Sometimes life events like having children or simply aging can send a long-term relationship down this path, too.

Balanced

Of all the dynamics discussed, this is the healthiest one. A balanced couple relationship has a balanced power dynamic, and individuals are true partners. In a balanced dynamic, partners respect and support each other.

They value each other's differences and work together to build the life and relationship they desire. Balanced couples don't avoid conflict; they find healthy ways to work through it. Open communication is encouraged, and they share a healthy, intimate emotional connection.


8 Ways To Improve Couple Dynamics

A lack of intimacy is one of the leading causes of separation, divorce, and even infidelity. Negative patterns destroy committed relationships by causing a decline in emotional and physical intimacy.

Couples that choose to remain in unhealthy dynamics often develop mental issues, such as depression and anxiety. They may also suffer from chronic stress and experience a variety of physical ailments.

Healthy dynamics, on the other hand, lead to increased intimacy and relationship satisfaction. This, in turn, promotes well-being and longevity — two major benefits of meaningful relationships.

The good news is, while it's no easy fix, unhealthy dynamics can be improved with understanding and effort. A couple can learn the skills needed to make their relationship healthier. If you want to improve your couple dynamics, here's what you can do:

1. Acknowledge the state of your relationship

To change the current state of your relationship, you first need to accept that you and your partner share an unhealthy dynamic. It’s only when you’re ready to embrace change that you’ll be able to replace your negative cycles of behavior with healthier ones.

The next step involves figuring out the dynamic that exists between you. Doing so will give you a clearer picture of what behaviors you need to address. Are you overly dependent on your partner? Does your partner bully or control you? Perhaps after years of simply going through the motions, your relationship has simply lost its spark.

2. Change your behavior

Once you have determined your dynamic, you need to change your behavior and form new patterns of how you relate to each other. New patterns can only be formed when behaviors are reinforced consistently over time.

If you’ve taken on a passive role in your relationship, you need to get more involved. You'll need to show your partner that you value the relationship and that you can support them too. Offer to make plans or lighten your partner's load in any way you can.

If you feel the need to control your partner, it’s important to get to the root of the issue so that you can start to let go and give them freedom. Getting professional help and working through repressed emotions or childhood trauma might be beneficial.

If it feels like you’re roommates rather than lovers, it’s up to you to take the first step to rekindle your connection. Becoming the change you want to see might ignite a spark of attraction and set you on the path to re-connection.

If you are in a toxic situation where verbal, emotional, or physical abuse has become the standard, you may need to separate for some time and seek help.

3. Improve your communication skills

If you're aiming for a healthier dynamic, criticism, insults, and contempt should be avoided. Even when you are frustrated and have valid concerns, the key is to present them in a respectful way that honors your partner and preserves your relationship.

4. Practice active listening

Active listening refers to being attentive, considerate, and responsive when communicating with your partner. It’s about listening to validate your partner as opposed to simply providing a response. Active listening cultivates an environment where you'll feel safe expressing yourselves.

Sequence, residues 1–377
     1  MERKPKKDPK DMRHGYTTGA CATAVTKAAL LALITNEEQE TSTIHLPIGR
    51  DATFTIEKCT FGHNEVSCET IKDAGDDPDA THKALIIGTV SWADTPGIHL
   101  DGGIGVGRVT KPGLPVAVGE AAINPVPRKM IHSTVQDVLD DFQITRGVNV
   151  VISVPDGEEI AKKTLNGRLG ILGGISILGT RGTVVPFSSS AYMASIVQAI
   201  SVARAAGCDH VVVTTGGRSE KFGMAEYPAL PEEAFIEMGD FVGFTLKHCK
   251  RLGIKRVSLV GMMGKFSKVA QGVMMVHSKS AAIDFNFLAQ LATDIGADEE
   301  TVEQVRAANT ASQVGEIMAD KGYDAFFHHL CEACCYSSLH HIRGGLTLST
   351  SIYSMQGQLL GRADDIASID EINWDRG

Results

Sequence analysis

5. Respond to each other's bids

One way to change your dynamic for the better is to respond to each other's bids. A bid is a request for connection or attention. It can be as specific as you sharing something interesting with your partner or as vague as them reaching out for a hug after a long day.

How bids are made and how you respond to them can make or break your relationship. When you miss or respond negatively to each other's bids, you drift apart, and your relationship suffers. However, if you respond positively, your relationship is strengthened.

6. Verbalize your needs clearly

The challenge with bids is that often, they aren't that clear. They are also heavily influenced by the emotions driving them. For instance, unmet emotional needs and desires tend to come up as vague, verbal, or non-verbal expressions. When such bids are clearly expressed, they tend to come across as accusations, complaints, or criticism.

For example, instead of saying, ‘I miss spending time with you,’ you might say, ‘you never make time for me.’ While this is a genuine bid to connect, it comes across as an accusation and may result in an argument.

Missing or rejecting each other's bids may lead to damaging assumptions that can harm your relationship. Faced with constant rejection, you might come to the conclusion that your partner doesn’t care about you when that isn’t the case — your bids are simply getting lost in translation.

This is why it’s important to work on verbalizing your needs instead of trying to read each other’s minds. Besides being as specific as possible, bids should be expressed in a way that doesn't sound like a personal attack or criticism.

7. Express gratitude

The importance of appreciating each other can't be overstated. As human beings, we're born with a desire to be valued by those closest to us. When you appreciate one another, you fulfill this need. This creates a safe space where trust, respect, and intimacy can grow.

8. Get help

With the right help, you can change your dynamic. Couples therapy can be useful for identifying and resolving issues in your relationship. Unhealthy communication, toxic patterns of behavior, and imbalances can be addressed in the presence of someone impartial. Similarly, relationship and intimacy coaches can help you reconnect with your partner.


Sometimes It's Best To Walk Away

If you’re dealing with a narcissist or if you’re a victim of domestic violence, seek help — some dynamics are simply too toxic to salvage. Similarly, if a relationship is affecting your sense of well-being or making it difficult to cope with day-to-day life, it’s time to call it quits. Ultimately, if neither of you is willing to change your behavior or seek help, it's best to walk away.